The big surprise was the Pirates developed into a slightly better than average fielding team. I like the Defense Efficiency Rating, used by Baseball Reference, and the Pirates finished 15th in the league with a .697, .004 above the league average. It may have been even better, if Adam Frazier would have been allowed to play 2ond base for the entire season. The two defensive gems the Pirates have, is Ke’Bryan Hayes at 3rd, and Jacob Stallings behind the plate. They were such big upgrades at their positions, that it was probably enough to push the Pirates to be an average defensive team. The last five years the Pirates have finished between 25th and 30th when it comes to defensive efficiency. Erik Gonzalez, despite having absolutely no plate discipline, is a solid defensive shortstop which helped their overall defensive rating.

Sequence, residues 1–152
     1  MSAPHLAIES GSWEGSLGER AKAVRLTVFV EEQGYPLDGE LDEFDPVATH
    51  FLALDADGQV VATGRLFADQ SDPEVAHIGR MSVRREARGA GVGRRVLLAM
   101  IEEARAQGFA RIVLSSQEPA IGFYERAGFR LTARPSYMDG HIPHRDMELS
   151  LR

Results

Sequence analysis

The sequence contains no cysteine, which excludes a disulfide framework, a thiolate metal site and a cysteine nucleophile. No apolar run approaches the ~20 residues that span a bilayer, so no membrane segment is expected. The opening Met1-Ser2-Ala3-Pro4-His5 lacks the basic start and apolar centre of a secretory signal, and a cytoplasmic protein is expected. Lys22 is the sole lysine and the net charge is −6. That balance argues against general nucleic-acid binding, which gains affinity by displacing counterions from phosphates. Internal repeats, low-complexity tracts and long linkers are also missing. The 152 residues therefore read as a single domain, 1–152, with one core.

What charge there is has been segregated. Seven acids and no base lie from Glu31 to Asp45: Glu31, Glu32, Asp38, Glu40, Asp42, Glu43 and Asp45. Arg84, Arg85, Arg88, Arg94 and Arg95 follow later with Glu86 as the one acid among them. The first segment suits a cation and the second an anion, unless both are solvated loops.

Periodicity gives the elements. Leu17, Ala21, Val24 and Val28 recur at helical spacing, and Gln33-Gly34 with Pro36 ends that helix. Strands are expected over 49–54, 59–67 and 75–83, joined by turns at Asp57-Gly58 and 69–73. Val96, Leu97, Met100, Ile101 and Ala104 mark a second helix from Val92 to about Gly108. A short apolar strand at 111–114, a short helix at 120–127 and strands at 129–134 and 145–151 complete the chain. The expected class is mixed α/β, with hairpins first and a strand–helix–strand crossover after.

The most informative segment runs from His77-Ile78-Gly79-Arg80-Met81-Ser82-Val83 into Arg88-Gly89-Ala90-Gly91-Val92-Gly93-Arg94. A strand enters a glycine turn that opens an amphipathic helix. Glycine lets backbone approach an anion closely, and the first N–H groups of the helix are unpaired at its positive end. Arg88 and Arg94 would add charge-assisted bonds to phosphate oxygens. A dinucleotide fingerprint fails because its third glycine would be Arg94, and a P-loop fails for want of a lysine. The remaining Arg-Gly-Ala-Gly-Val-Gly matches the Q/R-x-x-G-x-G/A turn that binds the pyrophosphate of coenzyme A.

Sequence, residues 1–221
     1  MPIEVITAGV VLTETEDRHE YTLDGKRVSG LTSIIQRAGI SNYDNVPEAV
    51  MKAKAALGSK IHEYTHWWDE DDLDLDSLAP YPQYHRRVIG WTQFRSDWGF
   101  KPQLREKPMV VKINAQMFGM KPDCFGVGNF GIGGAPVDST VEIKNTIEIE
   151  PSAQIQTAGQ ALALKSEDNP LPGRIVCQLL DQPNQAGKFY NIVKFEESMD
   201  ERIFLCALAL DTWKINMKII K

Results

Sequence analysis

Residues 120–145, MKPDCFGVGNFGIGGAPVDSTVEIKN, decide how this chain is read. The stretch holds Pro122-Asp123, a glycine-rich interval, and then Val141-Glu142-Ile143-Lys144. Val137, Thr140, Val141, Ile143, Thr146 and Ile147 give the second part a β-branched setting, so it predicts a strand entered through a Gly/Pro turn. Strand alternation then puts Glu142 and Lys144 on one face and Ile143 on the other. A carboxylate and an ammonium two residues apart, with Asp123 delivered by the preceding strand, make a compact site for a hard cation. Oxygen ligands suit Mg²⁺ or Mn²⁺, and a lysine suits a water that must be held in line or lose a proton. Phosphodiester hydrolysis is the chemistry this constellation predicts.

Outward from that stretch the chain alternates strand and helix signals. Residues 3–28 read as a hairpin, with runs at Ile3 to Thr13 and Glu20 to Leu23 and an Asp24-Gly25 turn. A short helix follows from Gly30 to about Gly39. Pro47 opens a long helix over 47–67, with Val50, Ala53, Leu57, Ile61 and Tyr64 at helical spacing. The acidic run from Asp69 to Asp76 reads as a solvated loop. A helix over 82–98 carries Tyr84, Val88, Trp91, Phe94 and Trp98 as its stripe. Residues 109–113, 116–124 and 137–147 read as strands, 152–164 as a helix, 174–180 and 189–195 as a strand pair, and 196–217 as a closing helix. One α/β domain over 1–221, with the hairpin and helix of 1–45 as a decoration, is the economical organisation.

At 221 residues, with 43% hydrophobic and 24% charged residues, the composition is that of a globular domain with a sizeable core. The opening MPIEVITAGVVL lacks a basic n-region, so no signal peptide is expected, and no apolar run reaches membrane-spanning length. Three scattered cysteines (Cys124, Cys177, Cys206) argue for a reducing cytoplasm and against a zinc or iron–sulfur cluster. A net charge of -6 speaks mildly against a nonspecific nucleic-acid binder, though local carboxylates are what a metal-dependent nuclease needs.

So where do the Pirates go from here except up. First, let’s look at who won’t be here, when the Pirates become competitive. In other words, as long as these players are still on the 26 man roster, the Pirates are doomed to be mired in the basement of the Central Division. This list includes, Cole Tucker, Kevin Neuman, Gregory Polanco, Jose Osuna, J. T. Riddle, and John Ryan Murphy. These players, for various and many reasons, will not be apart of any Pirate resurgence. I would have said the same thing about Colin Moran. If the DH remains in the National League, then he will fit the role quite nicely. This year Moran had an OPS+ of 115 with 100 being the league average. When Joe Musgrove is considered the fifth starter the Pirates will be contenders. The Pirates are going to have a hard time acquiring prospects. Who would they trade. Better yet, are there any teams that would want their players. I do not think it is time to give up on Josh Bell or Bryan Reynolds. What would the return be, after a very down 60 games. There would have to be a team with many bats, and a gaping hole at shortstop for Erik Gonzalez to have any value. The Pirates have one of the lowest payrolls in baseball. The new management team keeps saying, they are not going to do a complete teardown. Could this be the first off season, that the Pirates are going to participate in the free agent market. They seem to be in this kind of no man’s land. They do not have a lot of prospects. They are not an old team, where they have a lot of veterans to unload for prospects. I really can’t believe, that Pirates will be active in the free agent market. But if they are going to strictly build through the draft and prospects, then this could be a long losing haul, until near the end of this decade. I suppose we could hope for more 60 game seasons, so at least it will go by quickly.